Kimchi is a tasty fermented food similar to sauerkraut but made with Korean flavors (garlic, ginger, chili). It’s easy to prepare at home and, importantly, fermented foods are great for gut health, aide digestion, and boost immunity.
If you’re not famliar with kimchi, it’s considered Korean “soul food” and has been served as a side dish there for many generations. Koreans consume about 40 pounds of this superfood per person per year!
Our recipe is a simple one that takes about 20 minutes to prepare. Then you let nature take over with fermentation—for all those amazing health benefits. Kimchi is packed with “good” bacteria, or probiotics, that boost immunity, energize the body, aid digestion, lower cholesterol, and regulate blood sugar.
A few cooking tips:
- You can certainly make as spicy or mild as you like.
- You need to use Napa cabbage, not just any type of cabbage.
- Many traditional kimchi recipes involve a seafood ingredient, such as fish sauce to add depth but you can leave this out. Or, use soy sauce if you wish.
You can eat kimchi as a side dish, add to rice, eat with eggs, make a strew, flavor a braise, or top off a BBQ sandwich! Get creative.
1. In a bowl, dissolve 5 tablespoons of salt in 6 cups of water to make a brine. Set aside outer leaves from the cabbage. Cut the remaining head into quarters. Remove the core and cut the quarters crosswise to form 2-inch pieces called nabak. Soak cabbage in brine for 8 to 10 hours, or overnight.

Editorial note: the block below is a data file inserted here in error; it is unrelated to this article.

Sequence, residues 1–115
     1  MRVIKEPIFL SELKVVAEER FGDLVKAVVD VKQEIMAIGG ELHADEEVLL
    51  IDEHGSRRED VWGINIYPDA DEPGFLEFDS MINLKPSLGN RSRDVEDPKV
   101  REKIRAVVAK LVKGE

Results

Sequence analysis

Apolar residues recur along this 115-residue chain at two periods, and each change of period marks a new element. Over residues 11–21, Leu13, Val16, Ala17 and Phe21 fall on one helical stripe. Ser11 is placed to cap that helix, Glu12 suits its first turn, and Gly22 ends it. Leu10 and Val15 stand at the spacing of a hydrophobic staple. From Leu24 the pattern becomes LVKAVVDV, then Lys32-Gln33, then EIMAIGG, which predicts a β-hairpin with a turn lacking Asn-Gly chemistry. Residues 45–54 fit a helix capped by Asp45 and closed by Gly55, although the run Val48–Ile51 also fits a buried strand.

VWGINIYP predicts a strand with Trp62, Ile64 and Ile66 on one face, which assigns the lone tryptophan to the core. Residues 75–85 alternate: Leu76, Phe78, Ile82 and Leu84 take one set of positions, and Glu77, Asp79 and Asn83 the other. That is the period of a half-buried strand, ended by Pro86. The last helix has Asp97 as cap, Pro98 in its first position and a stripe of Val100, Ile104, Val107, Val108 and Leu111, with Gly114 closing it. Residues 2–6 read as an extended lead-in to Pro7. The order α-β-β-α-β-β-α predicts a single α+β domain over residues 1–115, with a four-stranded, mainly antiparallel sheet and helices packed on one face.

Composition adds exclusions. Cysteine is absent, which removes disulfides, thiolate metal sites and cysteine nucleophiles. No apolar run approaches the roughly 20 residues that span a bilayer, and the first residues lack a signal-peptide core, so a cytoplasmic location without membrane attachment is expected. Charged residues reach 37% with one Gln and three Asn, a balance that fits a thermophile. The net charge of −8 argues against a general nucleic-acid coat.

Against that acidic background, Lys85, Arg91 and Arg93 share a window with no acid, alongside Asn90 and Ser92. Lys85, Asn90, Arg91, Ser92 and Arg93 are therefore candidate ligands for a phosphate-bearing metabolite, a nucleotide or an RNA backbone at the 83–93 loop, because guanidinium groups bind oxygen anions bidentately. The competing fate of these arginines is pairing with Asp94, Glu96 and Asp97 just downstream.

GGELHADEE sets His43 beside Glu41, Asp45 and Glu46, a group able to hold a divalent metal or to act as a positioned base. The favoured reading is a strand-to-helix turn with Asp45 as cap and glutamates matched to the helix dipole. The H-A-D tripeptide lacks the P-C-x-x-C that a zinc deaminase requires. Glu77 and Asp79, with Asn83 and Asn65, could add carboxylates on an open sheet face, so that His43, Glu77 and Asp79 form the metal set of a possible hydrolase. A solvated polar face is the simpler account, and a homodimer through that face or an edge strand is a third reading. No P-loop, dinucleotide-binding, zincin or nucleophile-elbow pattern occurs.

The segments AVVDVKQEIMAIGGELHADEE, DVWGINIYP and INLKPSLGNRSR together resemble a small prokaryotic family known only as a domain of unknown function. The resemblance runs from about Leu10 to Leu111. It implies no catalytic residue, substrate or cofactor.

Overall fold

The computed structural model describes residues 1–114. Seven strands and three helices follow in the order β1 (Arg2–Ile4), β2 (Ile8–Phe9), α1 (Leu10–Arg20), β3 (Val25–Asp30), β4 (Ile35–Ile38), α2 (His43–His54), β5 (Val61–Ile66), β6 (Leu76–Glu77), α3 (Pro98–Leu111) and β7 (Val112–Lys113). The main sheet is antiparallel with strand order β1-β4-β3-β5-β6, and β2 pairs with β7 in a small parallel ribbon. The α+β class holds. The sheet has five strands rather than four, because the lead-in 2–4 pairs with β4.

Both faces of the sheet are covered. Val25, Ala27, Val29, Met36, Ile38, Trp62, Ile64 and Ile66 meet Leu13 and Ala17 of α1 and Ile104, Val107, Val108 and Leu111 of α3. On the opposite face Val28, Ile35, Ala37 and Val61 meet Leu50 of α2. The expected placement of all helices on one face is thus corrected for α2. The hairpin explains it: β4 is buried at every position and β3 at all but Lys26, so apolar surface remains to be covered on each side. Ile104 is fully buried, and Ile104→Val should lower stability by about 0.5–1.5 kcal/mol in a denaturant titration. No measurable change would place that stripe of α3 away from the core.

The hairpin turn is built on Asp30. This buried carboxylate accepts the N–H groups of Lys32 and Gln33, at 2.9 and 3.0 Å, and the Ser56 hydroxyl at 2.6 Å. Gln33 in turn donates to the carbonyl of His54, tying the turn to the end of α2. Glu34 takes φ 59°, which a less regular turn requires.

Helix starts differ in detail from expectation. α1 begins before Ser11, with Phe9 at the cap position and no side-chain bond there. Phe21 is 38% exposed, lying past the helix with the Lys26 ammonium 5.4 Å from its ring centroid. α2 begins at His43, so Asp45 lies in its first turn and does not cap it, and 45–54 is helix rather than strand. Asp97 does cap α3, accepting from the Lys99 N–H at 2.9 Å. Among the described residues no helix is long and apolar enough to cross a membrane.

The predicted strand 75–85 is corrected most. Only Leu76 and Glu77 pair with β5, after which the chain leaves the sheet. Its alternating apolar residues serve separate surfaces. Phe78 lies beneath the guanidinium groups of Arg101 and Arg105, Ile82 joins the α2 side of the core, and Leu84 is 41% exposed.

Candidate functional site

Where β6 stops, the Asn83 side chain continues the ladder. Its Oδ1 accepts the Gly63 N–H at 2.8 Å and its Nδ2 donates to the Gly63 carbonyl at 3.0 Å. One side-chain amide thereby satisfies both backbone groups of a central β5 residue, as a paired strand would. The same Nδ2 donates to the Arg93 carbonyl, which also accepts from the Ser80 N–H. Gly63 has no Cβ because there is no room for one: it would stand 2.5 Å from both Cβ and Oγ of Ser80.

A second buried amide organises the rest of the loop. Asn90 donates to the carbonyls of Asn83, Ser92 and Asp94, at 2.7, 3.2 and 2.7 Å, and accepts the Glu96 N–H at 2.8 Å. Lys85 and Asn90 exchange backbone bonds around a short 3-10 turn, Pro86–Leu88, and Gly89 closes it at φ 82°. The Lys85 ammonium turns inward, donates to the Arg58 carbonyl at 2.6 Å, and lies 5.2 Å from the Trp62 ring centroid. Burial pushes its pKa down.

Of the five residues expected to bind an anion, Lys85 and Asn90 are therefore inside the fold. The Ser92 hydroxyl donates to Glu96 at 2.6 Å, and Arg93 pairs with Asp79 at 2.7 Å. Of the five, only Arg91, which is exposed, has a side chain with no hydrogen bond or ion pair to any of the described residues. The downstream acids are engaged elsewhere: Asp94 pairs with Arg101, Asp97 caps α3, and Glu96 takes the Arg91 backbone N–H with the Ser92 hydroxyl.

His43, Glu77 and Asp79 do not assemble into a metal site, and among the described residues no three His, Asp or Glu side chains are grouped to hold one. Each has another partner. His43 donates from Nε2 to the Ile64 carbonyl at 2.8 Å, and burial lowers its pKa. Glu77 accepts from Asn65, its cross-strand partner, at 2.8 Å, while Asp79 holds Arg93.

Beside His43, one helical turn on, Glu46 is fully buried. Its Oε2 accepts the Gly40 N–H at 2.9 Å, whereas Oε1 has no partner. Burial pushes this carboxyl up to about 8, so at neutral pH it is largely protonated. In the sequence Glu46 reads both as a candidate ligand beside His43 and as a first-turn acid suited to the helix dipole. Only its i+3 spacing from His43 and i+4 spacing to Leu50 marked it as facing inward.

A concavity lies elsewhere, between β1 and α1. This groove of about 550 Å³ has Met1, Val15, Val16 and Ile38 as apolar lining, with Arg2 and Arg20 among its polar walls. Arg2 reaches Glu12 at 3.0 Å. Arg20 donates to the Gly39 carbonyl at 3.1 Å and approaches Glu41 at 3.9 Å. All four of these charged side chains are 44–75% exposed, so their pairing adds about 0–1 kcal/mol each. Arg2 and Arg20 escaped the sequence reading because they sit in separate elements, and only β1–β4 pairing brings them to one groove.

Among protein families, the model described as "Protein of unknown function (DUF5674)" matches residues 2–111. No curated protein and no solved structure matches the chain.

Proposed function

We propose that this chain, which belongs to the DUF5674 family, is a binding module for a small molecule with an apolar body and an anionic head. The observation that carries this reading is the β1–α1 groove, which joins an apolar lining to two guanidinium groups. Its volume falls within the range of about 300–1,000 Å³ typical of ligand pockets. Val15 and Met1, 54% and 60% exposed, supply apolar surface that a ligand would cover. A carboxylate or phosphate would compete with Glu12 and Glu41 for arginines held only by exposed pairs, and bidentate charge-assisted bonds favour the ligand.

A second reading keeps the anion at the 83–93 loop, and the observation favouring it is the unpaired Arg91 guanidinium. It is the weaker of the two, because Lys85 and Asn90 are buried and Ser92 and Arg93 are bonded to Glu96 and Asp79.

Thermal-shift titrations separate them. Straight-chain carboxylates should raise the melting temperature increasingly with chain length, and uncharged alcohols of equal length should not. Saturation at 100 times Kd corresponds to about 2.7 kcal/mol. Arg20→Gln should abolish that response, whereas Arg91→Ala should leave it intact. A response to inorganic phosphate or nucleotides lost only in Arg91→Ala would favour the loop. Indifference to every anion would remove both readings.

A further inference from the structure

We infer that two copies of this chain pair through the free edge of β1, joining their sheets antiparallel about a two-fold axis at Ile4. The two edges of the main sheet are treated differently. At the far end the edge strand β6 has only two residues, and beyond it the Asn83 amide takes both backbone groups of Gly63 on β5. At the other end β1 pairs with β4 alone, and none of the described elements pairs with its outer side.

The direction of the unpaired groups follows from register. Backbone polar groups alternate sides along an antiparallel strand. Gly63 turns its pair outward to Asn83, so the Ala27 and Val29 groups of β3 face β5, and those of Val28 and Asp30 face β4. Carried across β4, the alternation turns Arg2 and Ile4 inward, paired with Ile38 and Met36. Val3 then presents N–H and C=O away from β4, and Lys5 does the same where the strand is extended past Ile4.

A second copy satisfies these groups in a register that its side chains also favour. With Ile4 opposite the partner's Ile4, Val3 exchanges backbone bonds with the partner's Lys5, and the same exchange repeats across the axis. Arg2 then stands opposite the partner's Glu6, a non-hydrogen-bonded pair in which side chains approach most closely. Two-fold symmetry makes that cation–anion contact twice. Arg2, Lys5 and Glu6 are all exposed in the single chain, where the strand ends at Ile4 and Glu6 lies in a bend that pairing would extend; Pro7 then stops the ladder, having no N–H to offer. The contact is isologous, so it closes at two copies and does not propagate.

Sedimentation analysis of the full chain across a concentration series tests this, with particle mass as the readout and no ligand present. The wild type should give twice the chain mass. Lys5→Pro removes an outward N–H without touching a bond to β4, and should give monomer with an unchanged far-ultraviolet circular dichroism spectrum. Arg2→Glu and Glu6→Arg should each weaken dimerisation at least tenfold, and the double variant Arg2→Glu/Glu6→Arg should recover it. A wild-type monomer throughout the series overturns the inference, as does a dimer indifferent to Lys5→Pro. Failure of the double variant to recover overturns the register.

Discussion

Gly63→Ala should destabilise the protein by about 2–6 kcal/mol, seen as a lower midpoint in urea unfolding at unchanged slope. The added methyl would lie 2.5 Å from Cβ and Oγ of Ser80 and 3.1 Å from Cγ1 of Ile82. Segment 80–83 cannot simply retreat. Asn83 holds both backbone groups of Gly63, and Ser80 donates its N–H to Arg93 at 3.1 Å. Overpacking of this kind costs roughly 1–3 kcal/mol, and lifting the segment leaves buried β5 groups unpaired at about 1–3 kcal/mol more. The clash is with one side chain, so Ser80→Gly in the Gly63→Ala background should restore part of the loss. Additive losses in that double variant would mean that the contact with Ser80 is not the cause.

2. Drain and rinse cabbage. Discard brine.
3. Return cabbage to bowl and add radish, scallions, ginger, red pepper flakes, garlic, and (optional) seafood ingredient.
4. Stir to combine. Pack mixture tightly into a widemouth, 2-quart canning jar with a plastic lid (metal will corrode), leaving at least 2 inches of headspace. Fold and place reserved cabbage leaves on top of kimchi to hold it down.
5. Make a fresh brine from 1 tablespoon of salt dissolved in 4 cups of water. Pour enough fresh brine to cover cabbage, leaving 1 inch of headspace. Put on the lid, making it snug but not too tight, as some gas may need to escape. Place in a bowl or on a rimmed baking sheet and put in a cool place.
6. Let ferment for 7 days. Check daily to make sure cabbage is still submerged under brine. After a week, taste, then refrigerate when you find it to be satisfyingly tart and tangy!
It will keep for (at least) a few months in the fridge when the kimchi is submerged below the brine and only gets more flavorful with time.